# Count unhappy numbers in a large interval

An unhappy number is a number that is not happy, i.e., a number $n$ such that iterating this sum-of-squared-digits map starting with n never reaches the number 1.

For example, $23\rightarrow 2^2+3^2 = 13 \rightarrow 1^2 + 3^2 = 1$, so $23$ is a happy number. But, number $2$ is not and you can verify it.

The problem around my question (from 2010 acp icpc problem set) is to count unhappy numbers in an interval $[\textrm{lo}, \textrm{hi}]$. I'm looking for an algorithm that is practical for $\textrm{hi}$ up to $10^{18}$.

How can I write an algorithm for this problem, efficient and correct?

I know that the solution is with dynamic programming, but I don't know how can I get it.

My approach when I read the problem was use a backtracking to mark all numbers in the interval, like a dfs, and see that when you're processing a number and got the result, you should mark all numbers with form permutations of digits for the initial number. Then, I thought that a backtracking approach is faster. But this is not enough for contest, because the interval is $[1, 10^{18}]$ so, clearly dynamic programming is the way.

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Please a) define the problem completely and b) get rid of all the python; you should distill out the important pieces and give them as pseudo code. Then, you can flag for reopening. –  Raphael Feb 26 '13 at 7:38
What is the sum of squares digit map? Please provide a clearer definition of the problem that doesn't require reading external links. –  Joe Feb 26 '13 at 19:11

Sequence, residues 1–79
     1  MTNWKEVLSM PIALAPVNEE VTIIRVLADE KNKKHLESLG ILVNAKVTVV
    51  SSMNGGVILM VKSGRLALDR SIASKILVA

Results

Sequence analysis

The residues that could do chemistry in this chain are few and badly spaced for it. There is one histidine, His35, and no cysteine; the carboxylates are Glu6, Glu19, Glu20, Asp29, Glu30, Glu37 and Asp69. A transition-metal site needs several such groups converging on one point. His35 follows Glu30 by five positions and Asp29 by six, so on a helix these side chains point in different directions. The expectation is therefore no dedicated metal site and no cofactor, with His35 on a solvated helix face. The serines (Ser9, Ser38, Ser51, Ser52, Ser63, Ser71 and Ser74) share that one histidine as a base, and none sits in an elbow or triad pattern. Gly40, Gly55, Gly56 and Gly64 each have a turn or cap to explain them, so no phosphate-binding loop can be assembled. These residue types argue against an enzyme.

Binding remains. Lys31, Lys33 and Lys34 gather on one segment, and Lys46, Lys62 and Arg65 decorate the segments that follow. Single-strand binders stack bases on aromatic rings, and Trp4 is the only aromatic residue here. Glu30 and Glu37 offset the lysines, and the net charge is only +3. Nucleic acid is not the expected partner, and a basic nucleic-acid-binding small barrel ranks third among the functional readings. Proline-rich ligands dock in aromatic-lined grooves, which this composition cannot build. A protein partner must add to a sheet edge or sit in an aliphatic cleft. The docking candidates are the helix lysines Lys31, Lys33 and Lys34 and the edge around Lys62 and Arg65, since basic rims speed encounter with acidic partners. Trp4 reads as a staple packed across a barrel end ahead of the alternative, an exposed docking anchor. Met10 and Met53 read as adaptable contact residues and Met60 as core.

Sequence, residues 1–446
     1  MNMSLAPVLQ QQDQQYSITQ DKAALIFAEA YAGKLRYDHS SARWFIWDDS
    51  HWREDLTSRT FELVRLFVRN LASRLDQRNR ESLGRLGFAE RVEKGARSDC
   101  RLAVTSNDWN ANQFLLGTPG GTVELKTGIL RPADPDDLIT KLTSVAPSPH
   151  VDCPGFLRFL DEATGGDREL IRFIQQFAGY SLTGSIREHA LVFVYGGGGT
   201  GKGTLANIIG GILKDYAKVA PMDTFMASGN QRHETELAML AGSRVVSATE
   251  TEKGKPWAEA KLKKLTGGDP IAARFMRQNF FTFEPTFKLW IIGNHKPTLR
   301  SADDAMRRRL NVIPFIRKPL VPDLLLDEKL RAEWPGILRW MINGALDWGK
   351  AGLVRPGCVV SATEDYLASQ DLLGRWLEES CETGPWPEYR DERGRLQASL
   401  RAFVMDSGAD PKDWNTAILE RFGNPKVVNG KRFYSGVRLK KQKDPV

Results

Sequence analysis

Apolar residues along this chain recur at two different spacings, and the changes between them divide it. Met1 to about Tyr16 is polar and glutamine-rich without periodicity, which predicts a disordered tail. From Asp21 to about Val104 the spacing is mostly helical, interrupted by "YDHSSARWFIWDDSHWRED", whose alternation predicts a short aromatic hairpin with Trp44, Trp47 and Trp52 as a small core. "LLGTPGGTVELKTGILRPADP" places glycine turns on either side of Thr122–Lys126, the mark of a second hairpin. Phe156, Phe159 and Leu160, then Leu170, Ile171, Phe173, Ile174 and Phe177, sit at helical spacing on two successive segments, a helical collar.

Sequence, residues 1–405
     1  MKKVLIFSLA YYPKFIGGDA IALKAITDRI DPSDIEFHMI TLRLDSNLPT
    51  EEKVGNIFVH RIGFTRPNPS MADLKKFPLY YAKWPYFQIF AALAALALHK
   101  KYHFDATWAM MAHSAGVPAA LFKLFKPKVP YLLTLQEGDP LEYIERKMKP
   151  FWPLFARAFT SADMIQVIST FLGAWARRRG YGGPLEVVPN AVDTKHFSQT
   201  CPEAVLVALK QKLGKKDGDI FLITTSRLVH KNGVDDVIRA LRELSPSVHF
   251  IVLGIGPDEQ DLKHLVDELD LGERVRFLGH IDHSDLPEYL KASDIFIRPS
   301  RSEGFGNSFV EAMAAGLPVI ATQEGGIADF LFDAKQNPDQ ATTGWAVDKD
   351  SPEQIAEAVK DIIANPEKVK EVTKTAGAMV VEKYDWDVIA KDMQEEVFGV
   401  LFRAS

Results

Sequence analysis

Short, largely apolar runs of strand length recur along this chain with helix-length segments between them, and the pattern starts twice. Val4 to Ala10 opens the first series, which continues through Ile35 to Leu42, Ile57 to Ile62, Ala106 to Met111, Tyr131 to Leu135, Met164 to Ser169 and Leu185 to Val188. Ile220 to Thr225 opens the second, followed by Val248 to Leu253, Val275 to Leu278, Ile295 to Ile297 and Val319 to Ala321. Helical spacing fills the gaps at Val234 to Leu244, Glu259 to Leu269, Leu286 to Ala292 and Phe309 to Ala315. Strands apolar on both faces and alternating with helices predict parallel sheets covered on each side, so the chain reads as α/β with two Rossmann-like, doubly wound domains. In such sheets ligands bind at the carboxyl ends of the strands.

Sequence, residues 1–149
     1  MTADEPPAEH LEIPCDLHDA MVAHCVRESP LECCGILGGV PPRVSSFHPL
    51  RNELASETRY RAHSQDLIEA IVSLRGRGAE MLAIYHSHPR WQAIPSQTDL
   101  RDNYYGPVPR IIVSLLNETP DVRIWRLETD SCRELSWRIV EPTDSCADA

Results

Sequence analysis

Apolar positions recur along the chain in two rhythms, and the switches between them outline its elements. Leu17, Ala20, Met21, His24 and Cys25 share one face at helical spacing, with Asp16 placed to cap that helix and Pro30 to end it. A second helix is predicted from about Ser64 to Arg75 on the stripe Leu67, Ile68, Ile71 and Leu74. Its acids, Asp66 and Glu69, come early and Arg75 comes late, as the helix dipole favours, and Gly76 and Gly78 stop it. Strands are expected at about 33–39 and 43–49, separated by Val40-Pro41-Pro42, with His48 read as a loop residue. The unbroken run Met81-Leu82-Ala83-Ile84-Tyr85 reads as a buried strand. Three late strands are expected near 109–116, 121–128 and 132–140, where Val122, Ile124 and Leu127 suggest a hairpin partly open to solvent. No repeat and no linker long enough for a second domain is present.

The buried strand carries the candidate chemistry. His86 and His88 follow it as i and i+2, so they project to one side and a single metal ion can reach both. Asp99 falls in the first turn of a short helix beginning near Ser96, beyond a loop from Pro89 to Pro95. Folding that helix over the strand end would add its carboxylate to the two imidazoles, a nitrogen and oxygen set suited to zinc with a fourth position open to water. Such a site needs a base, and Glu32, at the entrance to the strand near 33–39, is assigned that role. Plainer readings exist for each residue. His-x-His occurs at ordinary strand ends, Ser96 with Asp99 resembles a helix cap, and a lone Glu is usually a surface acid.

Because sum of square of digits of 18 digit number is smaller than or equal to $18\times 9^2 = 1458$, it's enough to enumerate first $1458$ numbers and find list of happy numbers out of them (we say it $happy-list$), then for a given range $[lo,hi]$ check each number's square digit sum is in our happy list or not, so this is $O(hi-lo)$, because you can do preprocessing and save happy numbers below $1458$, then use them, but this is not good because when $lo=0, hi=10^{18}$ the $O(hi-lo)$ algorithm is not good for current PCs, so is better to find number of solution for below equation:

$x_1^2+....x_{18}^2 = y_i \forall y_i \in happy-list \text{ and } x_j >0$.

I don't know if is there any straight forward way to do this, but we know something like number of solution for $x_1+....x_{18} = y_i \forall y_i \in happy-list\text{ and } x_j >0$ is easy to find. I wrote this because I think this gives an idea to how to start to think about this problem, but if I found a way for above equation or with similar idea, I'll update my answer, but my first answer is too much faster than recursion like wiki's solution.

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Thanks, yes, there is a straightforward way, I didn't understand with this code, ser.cs.fit.edu/ser2012/problems/division_1/I_unhappy/UNHAPPY.py –  d555 Feb 27 '13 at 18:58
The C source code available here uses the GNU GMP library to test for happiness of very large numbers. You can use it to test far beyond $10^{18}$, assuming you have enough memory. The code is for windows, but is easily portable to linux and Mac OS X.